Professor Hawking awarded top US civilian honour

S. Hawking

Professor Stephen Hawking, Lucasian Professor of Mathematics at Cambridge University, has been awarded the Pres

idential Medal of Freedom. He will collect his award from the US president Barack Obama at a ceremony held in the White House today, Wednesday 12 August.

Professor Hawking, a Fellow of Gonville and Caius College, is one of 16 honourees this year, of the prestigious recognition. The recipients are from a variety of fields such as politics, sport and medicine and were chosen for their work as agents for change.

Other recipients this year include Muhammad Yunus, Desmond Tutu and Billy Jean King. Dr Yunus won the Nobel peace prize in 2006 for his role in poverty alleviation thorough micro-finance schemes. Former Archbishop Tutu was a leading anti-apartheid activist in South Africa, and King was a famous tennis player and has since been campaigning for gender equality in sports and other areas of public life.

In addition to his scientific research, Professor Hawking has written three popular science books, including the bestselling A Brief History of Time. He was awarded the Medal of Freedom in recognition of these popular science publications and for making his research accessible to all members of the public.

On learning of his award, Professor Hawking commented: "I am delighted and honoured to receive the Presidential Medal of Freedom. It is a great privilege to be awarded the Medal, especially by President Obama, whom I admire deeply. I am very much looking forward to travelling to Washington in order to meet this remarkable man and to receive the Medal of Freedom on behalf of myself, my family, my friends and my colleagues in science worldwide."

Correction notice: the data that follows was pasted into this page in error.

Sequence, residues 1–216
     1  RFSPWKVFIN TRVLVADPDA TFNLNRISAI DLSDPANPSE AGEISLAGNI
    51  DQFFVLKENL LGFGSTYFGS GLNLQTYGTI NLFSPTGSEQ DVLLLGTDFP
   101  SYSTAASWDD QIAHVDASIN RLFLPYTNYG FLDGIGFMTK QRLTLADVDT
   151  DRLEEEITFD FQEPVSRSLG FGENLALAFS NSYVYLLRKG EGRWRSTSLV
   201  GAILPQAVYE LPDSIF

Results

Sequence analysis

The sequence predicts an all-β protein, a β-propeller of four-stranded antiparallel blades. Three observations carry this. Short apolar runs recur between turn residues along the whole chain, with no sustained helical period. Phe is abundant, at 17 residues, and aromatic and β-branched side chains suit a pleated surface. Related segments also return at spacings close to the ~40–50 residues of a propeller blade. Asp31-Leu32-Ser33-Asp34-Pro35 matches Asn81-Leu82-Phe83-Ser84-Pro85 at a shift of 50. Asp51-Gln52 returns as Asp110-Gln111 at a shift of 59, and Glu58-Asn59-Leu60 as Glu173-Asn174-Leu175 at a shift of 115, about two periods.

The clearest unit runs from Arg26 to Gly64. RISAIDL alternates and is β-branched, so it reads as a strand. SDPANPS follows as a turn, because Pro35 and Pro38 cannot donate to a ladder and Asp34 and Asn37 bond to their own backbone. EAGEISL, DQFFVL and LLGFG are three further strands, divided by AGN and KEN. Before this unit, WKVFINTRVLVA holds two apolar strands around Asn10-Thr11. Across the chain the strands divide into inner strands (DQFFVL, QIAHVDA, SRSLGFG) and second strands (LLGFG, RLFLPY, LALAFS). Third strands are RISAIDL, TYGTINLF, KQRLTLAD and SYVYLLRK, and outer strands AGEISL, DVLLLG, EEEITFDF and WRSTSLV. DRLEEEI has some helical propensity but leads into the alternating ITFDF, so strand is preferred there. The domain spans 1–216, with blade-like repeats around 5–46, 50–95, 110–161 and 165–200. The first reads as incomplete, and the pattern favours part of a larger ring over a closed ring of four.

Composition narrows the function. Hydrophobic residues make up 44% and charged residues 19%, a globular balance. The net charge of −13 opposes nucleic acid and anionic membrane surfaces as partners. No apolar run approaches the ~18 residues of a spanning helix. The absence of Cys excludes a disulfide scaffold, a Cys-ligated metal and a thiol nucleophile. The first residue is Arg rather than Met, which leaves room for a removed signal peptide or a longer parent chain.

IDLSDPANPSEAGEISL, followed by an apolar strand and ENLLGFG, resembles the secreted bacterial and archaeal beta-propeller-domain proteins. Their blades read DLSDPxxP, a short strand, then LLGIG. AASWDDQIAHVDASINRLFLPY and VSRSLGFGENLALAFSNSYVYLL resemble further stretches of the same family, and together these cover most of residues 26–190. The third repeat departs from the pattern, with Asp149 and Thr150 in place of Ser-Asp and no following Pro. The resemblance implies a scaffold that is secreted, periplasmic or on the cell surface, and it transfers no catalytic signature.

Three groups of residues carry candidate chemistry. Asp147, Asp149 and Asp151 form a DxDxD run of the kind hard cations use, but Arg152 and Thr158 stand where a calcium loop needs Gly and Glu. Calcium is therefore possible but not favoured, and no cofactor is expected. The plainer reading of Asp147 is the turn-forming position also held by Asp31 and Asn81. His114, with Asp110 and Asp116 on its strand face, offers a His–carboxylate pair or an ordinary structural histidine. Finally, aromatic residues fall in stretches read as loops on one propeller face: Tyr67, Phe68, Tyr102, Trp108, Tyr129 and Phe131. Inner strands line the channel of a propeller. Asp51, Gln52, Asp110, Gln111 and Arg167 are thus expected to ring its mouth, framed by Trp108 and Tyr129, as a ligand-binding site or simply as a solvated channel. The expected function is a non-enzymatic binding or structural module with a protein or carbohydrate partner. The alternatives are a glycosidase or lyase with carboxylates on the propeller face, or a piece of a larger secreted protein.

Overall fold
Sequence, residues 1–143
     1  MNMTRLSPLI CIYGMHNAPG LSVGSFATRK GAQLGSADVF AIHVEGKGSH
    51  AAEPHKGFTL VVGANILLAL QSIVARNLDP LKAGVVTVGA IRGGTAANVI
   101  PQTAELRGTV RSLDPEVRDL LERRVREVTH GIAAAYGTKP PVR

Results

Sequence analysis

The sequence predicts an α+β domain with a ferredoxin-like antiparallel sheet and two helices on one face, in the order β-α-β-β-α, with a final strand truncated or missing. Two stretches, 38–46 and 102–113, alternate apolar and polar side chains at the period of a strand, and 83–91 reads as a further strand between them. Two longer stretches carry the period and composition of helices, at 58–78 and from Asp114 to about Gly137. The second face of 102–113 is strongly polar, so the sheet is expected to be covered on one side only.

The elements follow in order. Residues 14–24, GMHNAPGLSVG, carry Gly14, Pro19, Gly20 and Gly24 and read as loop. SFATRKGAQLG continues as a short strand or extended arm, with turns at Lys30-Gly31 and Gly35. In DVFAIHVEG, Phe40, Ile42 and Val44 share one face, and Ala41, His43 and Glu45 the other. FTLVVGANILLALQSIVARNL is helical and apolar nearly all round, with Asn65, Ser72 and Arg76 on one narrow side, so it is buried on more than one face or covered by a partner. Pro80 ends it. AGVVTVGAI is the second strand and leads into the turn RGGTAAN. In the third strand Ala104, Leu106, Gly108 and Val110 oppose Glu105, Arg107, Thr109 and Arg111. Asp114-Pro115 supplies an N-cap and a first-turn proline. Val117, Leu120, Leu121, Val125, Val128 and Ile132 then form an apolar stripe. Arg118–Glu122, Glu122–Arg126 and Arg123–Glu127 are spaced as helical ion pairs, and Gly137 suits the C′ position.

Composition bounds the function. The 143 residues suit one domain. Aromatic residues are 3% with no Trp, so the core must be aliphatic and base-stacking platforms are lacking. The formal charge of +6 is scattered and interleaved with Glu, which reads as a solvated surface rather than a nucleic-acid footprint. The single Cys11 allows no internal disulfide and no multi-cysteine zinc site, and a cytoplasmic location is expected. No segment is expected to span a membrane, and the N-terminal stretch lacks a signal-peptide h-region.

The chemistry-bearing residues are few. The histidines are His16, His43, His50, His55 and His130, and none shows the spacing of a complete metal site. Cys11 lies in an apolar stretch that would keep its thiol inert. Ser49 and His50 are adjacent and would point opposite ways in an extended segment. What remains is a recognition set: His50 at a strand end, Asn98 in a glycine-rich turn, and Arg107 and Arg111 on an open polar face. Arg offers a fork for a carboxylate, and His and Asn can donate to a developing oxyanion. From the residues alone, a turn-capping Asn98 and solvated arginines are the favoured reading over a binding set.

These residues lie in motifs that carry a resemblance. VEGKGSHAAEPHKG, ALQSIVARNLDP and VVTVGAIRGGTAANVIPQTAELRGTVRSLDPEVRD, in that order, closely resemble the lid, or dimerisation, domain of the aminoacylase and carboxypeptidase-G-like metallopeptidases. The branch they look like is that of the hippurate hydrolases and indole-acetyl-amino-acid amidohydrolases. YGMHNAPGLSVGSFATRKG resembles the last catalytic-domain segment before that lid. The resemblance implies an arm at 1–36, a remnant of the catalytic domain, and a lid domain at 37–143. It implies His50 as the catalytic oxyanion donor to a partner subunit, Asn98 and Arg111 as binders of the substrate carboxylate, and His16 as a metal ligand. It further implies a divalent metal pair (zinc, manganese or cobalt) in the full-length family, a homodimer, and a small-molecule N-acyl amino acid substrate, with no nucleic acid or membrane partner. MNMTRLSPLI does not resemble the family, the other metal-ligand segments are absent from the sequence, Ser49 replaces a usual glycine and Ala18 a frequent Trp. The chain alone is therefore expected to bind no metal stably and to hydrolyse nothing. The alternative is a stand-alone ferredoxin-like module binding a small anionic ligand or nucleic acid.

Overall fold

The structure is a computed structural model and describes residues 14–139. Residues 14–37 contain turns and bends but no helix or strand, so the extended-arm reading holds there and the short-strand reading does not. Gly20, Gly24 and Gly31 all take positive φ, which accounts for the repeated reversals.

President Obama said of this year's recipients: "These outstanding men and women represent an incredible diversity of backgrounds. Their tremendous accomplishments span fields from science to sports, from fine arts to foreign affairs. Yet they share one overarching trait: Each has been an agent of change. Each saw an imperfect world and set about improving it, often overcoming great obstacles along the way.

"Their relentless devotion to breaking down barriers and lifting up their fellow citizens sets a standard to which we all should strive. It is my great honour to award them the Medal of Freedom."

The Presidential Medal of Freedom is the highest civilian award in the US and aims to recognise individuals who have made an especially meritorious contribution to the security or national interests of the United States, world peace, cultural or other significant public or private endeavours. Established in 1945, over 250 have been awarded.